Patent infringers must have notice of a patent before they can be liable for patent infringement damages. Notice can come in many forms, including by lawsuit, cease-and-desist letters, or proper patent marking. 35 U.S.C. Section 287(a) permits recovery of damages based on the constructive notice provided by proper patent marking, even where no actual or direct notice to the alleged infringer has been given.
OceanTomo LLC, the Chicago-based company that brokers deals for IP portfolios and hosts live patent auctions, has recently launched a web site dedicated to virtual patent marking. See www.patentmarking.com. Its purpose is to provide free public information linking products and services to their associated patents. According to the website, information can be posted in three forms: (1) from the actual product manufacturers or service providers themselves; (2) from observations of registered users; and (3) from validated information provided by Ocean Tomo and/or a trusted affiliate organization.
OceanTomo espouses virtual marking as a way to avoid the hassles associated with actual product marking, while also helping to prevent false marking charges. If patent reform measures were to pass that included a provision permitting virtual marking, OceanTomo states, product manufacturers could replace the specific number on the product itself with a pointer to a website that has the patent information for that product.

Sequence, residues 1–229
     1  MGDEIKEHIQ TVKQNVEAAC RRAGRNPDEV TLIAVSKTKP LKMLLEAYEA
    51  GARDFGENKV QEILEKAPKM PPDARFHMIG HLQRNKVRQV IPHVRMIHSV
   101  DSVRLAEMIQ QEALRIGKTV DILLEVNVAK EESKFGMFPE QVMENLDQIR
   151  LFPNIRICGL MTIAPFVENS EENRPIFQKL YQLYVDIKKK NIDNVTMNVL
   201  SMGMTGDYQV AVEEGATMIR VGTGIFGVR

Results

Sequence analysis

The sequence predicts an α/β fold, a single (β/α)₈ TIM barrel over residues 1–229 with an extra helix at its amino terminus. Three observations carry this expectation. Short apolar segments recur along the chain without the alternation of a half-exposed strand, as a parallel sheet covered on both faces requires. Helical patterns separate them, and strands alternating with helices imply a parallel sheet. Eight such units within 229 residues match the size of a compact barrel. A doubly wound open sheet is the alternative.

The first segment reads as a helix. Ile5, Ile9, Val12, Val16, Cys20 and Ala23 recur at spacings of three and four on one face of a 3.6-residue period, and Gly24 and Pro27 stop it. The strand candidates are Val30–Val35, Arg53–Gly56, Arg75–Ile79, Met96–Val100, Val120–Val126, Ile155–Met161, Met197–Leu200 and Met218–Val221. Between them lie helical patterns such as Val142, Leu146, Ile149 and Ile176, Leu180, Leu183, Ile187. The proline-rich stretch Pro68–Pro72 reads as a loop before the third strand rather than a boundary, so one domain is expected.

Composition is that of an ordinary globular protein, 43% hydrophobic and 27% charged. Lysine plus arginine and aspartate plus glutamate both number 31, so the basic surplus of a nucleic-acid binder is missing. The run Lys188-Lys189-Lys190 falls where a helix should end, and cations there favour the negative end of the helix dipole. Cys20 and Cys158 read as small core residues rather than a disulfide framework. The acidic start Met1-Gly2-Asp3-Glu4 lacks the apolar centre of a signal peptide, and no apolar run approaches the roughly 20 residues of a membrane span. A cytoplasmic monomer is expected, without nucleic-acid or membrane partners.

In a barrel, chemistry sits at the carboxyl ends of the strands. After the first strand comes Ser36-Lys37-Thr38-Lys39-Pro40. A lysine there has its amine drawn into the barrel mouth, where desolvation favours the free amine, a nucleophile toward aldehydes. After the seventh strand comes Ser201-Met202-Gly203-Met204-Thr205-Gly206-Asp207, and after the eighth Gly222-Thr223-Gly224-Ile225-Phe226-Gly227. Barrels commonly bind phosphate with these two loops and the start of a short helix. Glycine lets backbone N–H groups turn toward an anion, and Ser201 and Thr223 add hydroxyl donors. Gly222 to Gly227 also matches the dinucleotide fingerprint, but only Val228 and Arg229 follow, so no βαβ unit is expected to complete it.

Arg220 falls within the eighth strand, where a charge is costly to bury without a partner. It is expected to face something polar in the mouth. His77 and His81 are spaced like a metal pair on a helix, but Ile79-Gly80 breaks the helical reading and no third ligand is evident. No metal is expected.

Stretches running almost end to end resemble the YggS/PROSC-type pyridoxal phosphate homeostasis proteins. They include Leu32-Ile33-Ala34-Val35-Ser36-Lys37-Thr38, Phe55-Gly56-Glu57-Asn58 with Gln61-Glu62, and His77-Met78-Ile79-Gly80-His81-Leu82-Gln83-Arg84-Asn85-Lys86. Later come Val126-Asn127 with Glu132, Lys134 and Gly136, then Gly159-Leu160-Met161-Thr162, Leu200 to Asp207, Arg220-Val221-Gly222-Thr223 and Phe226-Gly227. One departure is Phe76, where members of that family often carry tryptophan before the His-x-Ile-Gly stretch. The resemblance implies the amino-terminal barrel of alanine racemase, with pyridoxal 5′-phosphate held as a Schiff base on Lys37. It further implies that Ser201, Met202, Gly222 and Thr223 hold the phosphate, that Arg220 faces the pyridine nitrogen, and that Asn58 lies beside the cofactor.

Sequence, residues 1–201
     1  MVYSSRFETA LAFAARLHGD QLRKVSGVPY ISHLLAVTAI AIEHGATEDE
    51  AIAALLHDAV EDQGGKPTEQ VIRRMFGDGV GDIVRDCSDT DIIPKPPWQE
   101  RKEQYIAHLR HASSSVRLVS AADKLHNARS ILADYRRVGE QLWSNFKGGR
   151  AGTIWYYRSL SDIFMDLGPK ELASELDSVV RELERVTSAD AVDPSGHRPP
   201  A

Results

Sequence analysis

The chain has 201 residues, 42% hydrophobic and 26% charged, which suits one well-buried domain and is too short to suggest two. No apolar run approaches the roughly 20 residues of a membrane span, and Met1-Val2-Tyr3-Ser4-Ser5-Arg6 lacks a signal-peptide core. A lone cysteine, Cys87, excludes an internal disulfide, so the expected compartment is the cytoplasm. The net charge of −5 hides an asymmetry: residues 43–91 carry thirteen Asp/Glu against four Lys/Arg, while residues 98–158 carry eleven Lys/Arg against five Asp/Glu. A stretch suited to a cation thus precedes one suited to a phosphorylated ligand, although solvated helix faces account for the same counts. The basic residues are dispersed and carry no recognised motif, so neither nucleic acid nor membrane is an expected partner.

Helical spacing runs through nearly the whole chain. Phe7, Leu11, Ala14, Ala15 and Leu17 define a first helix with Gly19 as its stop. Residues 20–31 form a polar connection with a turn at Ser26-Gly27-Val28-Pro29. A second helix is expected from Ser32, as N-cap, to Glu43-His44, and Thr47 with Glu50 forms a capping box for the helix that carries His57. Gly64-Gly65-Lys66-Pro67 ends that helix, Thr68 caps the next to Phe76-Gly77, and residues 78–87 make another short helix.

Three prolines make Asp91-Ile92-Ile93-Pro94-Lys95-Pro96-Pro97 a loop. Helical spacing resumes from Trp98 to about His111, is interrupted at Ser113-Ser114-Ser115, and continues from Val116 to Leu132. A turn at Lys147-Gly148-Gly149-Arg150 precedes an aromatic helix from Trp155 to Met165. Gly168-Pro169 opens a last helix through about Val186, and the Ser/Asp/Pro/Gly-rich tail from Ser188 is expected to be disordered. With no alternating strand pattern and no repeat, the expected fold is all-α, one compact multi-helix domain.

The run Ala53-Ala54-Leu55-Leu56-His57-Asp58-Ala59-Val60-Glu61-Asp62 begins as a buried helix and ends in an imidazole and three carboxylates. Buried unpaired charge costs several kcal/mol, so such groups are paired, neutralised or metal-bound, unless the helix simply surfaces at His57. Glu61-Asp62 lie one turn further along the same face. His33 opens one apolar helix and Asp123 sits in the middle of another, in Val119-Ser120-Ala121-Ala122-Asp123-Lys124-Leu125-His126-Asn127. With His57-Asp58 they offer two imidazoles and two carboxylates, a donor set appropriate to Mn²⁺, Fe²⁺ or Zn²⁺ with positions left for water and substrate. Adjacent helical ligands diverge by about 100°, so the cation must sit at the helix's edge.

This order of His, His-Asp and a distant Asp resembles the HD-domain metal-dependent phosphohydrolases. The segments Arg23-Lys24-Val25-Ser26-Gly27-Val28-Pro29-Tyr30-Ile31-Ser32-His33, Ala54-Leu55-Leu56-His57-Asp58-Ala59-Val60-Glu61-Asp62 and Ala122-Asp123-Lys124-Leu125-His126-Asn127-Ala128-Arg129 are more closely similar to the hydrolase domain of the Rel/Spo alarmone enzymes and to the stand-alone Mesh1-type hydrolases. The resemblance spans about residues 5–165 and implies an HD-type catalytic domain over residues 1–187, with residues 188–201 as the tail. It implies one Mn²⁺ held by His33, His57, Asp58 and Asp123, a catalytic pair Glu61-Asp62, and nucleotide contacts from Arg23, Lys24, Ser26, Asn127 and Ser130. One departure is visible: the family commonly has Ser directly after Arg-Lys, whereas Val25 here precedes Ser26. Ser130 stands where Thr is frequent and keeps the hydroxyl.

Will this be the wave of the future for patent marking? Tough to say. Within the field of patent law, patent marking is a fairly black-and-white principle in a sea of gray. Your product is either properly marked or it isn't. While one can see the benefits to OceanTomo as an information aggregator (are we still saying "eyeballs" in 2010?) and service provider (minimum annual subscription is apparently $5,000), the benefits to the potential patent enforcer may be less apparent. If OceanTomo is calling for a switch from marking your product with a patent number to marking it with a website pointer, then doesn't the product still need to be marked somehow? Not sure where that hassle is eliminated, although I suspect it could make things easier when a product is covered by many patents and the product owner has an electronic means to update the patent list. Still, what if the site goes down for a couple of hours? Will an alleged infringer have infringement windows of opportunity as a result? Until the kinks are worked out and any legislation is fully developed, it may be tough to get virtual marking permitted under Section 287.